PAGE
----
Freya could see Robin across the water. She could see he was kind and careful with the trees and the animals and that he loved them as much as she loved the flowers. Mostly, he skipped about playing, but sometimes, Freya saw him standing, perhaps sadly, she thought, looking out over the water. She longed to be able to talk to him, to ask him if he was all right or what it was he was dreaming of. So one day, Freya decided to make Robin a gift of a wonderful cabin. She hoped that he would see the cabin from his wooden hut and then maybe he would make a raft or a boat and come to see it.
Over the next few weeks, Freya worked very hard to collect flowers and plants and small branches. She made a big flower press and carefully laid out her collection in the shape of a woodland, just like she imagined the one Robin lived in. For the walls, she arranged the strongest branches from thick to thin. And for the roof she made an enchanted forest ceiling with twisted branches tickling each other. She decorated the entrance with precious Foxgloves to invite the fairies in. Then she pressed everything tight together so they would be strong and crisp and last forever.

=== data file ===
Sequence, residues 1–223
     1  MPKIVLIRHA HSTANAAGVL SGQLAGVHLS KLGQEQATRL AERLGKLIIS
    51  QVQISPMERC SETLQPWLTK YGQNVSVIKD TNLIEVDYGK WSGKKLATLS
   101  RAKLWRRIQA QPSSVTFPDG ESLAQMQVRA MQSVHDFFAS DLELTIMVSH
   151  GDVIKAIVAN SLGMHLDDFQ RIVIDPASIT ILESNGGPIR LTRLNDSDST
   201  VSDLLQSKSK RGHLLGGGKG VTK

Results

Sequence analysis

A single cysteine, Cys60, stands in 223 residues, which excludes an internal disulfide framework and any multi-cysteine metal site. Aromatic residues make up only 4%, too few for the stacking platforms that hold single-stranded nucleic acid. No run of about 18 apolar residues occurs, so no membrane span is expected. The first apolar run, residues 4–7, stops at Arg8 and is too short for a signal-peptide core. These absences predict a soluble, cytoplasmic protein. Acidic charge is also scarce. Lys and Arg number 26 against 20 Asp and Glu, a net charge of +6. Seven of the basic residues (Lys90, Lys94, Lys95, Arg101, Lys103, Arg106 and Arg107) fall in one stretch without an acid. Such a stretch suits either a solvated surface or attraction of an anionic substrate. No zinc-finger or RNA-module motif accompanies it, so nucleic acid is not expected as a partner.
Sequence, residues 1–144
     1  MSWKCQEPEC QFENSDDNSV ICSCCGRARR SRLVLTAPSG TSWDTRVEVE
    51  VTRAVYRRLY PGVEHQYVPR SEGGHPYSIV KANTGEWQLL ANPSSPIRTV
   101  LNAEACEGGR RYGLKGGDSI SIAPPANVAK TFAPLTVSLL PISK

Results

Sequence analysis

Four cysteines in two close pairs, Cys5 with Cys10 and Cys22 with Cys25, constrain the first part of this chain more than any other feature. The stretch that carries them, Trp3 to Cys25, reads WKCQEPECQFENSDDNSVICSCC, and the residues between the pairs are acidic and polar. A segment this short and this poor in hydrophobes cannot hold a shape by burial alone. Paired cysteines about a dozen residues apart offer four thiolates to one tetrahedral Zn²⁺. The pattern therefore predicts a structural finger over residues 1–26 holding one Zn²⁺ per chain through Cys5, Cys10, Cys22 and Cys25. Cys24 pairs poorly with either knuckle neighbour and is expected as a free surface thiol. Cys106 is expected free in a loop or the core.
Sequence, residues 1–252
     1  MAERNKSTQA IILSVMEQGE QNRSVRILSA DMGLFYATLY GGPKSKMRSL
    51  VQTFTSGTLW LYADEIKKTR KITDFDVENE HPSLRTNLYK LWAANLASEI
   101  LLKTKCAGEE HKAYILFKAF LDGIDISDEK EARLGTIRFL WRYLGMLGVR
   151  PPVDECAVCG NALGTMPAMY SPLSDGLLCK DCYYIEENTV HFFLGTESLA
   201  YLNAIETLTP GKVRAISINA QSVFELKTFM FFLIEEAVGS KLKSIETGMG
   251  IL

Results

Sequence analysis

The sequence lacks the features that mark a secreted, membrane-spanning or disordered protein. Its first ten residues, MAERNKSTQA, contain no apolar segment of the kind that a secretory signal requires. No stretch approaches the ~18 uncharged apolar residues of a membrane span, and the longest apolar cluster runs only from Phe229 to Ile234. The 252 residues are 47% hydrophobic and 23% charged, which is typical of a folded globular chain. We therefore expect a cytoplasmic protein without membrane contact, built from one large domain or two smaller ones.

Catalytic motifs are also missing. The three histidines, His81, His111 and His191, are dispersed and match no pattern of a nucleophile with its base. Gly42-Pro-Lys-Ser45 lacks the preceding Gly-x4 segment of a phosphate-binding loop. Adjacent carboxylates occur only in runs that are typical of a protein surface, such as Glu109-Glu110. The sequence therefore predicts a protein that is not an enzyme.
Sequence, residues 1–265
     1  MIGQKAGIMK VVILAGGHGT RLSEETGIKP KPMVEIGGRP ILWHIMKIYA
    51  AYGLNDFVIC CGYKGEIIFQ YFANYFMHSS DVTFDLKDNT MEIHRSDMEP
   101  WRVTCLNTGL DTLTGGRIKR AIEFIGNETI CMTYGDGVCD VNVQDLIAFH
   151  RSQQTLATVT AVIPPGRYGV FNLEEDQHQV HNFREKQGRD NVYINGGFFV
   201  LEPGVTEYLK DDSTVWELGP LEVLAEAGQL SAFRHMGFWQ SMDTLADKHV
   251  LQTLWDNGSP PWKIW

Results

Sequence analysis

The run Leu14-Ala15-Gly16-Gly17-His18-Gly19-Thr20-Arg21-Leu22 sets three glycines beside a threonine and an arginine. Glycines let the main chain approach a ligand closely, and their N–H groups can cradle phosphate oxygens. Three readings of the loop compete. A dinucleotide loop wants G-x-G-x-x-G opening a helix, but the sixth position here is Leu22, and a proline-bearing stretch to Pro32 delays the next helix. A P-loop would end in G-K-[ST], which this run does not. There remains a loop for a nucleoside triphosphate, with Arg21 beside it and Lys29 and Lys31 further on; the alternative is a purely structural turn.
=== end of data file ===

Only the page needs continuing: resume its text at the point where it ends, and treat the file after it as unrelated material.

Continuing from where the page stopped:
While she was making the cabin, she noticed that Robin spent more and more time dreamily looking across the water. She was thrilled for she thought he must be looking to see what she was up to. She was so excited that she went and collected as many tall, straight flowers as she could find and proudly balanced the cabin up on a thousand of the tallest straightest stems to be sure that Robin could see it properly. But Robin couldn’t see it properly; he couldn’t see it at all.
Freya lived on the South side of the lake, which meant that the sun’s rays lit up the landscape in front of her and she could see for miles. But Robin lived on the North of the lake, so when he looked towards the South the sun got in his eyes and all he could see was a golden blur above the lapping blue lake.